01/11/2011 11:30 am ET Updated May 25, 2011

Colin Firth: A Matter of History

Sir Harold Evans, host with biographer Amanda Foreman, at a private luncheon on Monday could not resist mentioning the rare honor of being in a room with not only the dashing if shy "Mr. Darcy," but the stubborn "Elizabeth Bennett," memorable roles for Colin Firth and Jennifer Ehle, the fine actors who now share screen time in The King's Speech. If Mr. Darcy is every girl's crush, as played by Colin Firth, the fantasy increases exponentially. As the stuttering King George, father of the British queen, the actor is tall, handsome, and irresistible. He sweeps through award season, winning Best Actor accolades.

The event was not about heart throbs, but about history. Sir Harold remembered being a small boy glued to the radio in his air raid shelter, as were so many Brits, when Neville Chamberlain announced what the war meant to him, and when King George VI made the famed "king's speech." Firth emphasized the Aristotelian value of story-telling from the perspective of royalty, how the foibles of characters like Oedipus, Odysseus, and so on are human and moreso. Director Tom Hooper in the interest of research hoped he could have had tea with the queen to ask about her father; he joked at taking over the reign just to feel what that was like. Instead, he announced a valuable find, the diary of speech teacher Lionel Logue (Geoffrey Rush) who brings about the king's epiphany.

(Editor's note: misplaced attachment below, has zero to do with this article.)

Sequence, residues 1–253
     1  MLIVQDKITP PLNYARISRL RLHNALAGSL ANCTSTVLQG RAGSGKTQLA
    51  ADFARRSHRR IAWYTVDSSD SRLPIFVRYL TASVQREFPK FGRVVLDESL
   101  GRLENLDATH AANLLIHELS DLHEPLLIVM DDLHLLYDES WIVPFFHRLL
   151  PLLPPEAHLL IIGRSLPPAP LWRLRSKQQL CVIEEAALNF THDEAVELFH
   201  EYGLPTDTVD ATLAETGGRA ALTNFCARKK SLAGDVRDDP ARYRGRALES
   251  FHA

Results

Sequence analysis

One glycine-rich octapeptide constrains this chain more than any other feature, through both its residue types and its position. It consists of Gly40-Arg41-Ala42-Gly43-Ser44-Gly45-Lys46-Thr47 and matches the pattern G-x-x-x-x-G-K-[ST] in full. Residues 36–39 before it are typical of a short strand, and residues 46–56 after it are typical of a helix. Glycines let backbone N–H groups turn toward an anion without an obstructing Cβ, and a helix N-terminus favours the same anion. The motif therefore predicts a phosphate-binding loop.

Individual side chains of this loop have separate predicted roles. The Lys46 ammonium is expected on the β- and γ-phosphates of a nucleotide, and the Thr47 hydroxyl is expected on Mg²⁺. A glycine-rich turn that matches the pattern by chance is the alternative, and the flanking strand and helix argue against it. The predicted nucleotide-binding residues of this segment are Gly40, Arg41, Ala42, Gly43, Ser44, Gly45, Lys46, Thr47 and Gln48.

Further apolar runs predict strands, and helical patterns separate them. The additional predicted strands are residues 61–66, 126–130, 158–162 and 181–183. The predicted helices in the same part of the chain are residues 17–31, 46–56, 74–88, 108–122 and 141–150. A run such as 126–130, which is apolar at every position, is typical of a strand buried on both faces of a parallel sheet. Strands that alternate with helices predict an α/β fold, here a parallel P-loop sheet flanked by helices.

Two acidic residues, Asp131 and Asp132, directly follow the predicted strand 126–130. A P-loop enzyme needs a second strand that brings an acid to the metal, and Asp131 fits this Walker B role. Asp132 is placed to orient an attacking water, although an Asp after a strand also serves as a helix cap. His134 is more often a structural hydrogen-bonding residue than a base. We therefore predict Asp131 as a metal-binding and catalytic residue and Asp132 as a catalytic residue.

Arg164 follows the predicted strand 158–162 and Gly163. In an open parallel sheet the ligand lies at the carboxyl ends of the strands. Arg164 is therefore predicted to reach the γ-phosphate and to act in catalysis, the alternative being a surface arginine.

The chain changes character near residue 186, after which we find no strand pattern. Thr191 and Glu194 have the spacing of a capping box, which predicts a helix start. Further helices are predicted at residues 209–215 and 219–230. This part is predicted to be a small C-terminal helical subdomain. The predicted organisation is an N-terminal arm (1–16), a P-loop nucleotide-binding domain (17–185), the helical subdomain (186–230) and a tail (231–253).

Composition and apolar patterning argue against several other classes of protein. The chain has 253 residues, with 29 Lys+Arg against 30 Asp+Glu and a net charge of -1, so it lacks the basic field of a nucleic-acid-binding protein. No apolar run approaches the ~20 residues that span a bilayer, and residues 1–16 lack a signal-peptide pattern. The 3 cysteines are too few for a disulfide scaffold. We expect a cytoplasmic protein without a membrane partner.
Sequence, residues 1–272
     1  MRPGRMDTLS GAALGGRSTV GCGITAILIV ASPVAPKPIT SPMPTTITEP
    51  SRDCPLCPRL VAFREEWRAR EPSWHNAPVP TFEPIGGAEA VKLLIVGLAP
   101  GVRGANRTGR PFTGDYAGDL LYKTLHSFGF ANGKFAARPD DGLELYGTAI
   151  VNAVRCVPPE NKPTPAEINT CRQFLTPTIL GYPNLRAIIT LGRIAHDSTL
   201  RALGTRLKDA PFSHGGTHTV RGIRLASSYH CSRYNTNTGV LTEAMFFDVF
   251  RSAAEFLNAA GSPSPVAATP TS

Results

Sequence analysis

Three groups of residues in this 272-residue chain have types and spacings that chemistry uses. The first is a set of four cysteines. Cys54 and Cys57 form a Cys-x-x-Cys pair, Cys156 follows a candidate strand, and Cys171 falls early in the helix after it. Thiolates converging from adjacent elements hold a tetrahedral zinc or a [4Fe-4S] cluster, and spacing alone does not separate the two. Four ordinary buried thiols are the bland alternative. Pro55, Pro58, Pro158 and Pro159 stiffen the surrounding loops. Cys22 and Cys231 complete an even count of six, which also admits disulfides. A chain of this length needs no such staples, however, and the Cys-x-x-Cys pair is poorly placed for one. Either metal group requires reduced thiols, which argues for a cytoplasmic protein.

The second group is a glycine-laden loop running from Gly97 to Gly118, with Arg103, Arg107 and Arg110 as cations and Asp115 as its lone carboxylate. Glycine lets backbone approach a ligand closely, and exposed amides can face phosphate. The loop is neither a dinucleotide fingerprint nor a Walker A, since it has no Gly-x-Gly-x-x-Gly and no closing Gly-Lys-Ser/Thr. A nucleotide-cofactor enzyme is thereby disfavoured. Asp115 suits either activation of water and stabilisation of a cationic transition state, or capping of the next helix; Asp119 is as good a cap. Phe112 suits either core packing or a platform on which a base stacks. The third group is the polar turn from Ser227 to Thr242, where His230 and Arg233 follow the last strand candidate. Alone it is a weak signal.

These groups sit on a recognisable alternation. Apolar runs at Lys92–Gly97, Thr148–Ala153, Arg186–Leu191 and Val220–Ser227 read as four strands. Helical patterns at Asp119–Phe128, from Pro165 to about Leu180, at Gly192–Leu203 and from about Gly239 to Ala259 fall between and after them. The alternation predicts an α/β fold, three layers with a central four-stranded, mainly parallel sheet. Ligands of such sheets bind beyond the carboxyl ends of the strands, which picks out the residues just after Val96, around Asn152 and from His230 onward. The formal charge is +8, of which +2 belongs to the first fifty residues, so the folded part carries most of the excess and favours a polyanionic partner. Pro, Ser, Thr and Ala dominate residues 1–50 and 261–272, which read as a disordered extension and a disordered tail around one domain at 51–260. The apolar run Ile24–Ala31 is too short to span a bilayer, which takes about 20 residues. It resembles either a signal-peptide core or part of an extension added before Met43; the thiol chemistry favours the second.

So was attention paid to every historic detail and nuance?Not entirely, according to Winston Churchill's granddaughter, Edwina Sandys. She is married to Richard Kaplan, a New York raised architect who said his wife noted, the character playing her granddad was smoking a cigar as he walked through rooms at the palace. Her critique: Churchill would never have done that.

Ah, the day was young for Firth. Off to the next, the New York Film Critics Circle awards dinner at Crimson, Colin Firth would receive the Best Actor award presented by Stanley Tucci. Extolling the virtues and extraordinary talent of his friend, the New York actor quipped he finds him "irritating" and hopes he can grow up to be just like him. Gamely, Firth accepted his prize saying, that's why he loves New York, not the food, theater, but the critics

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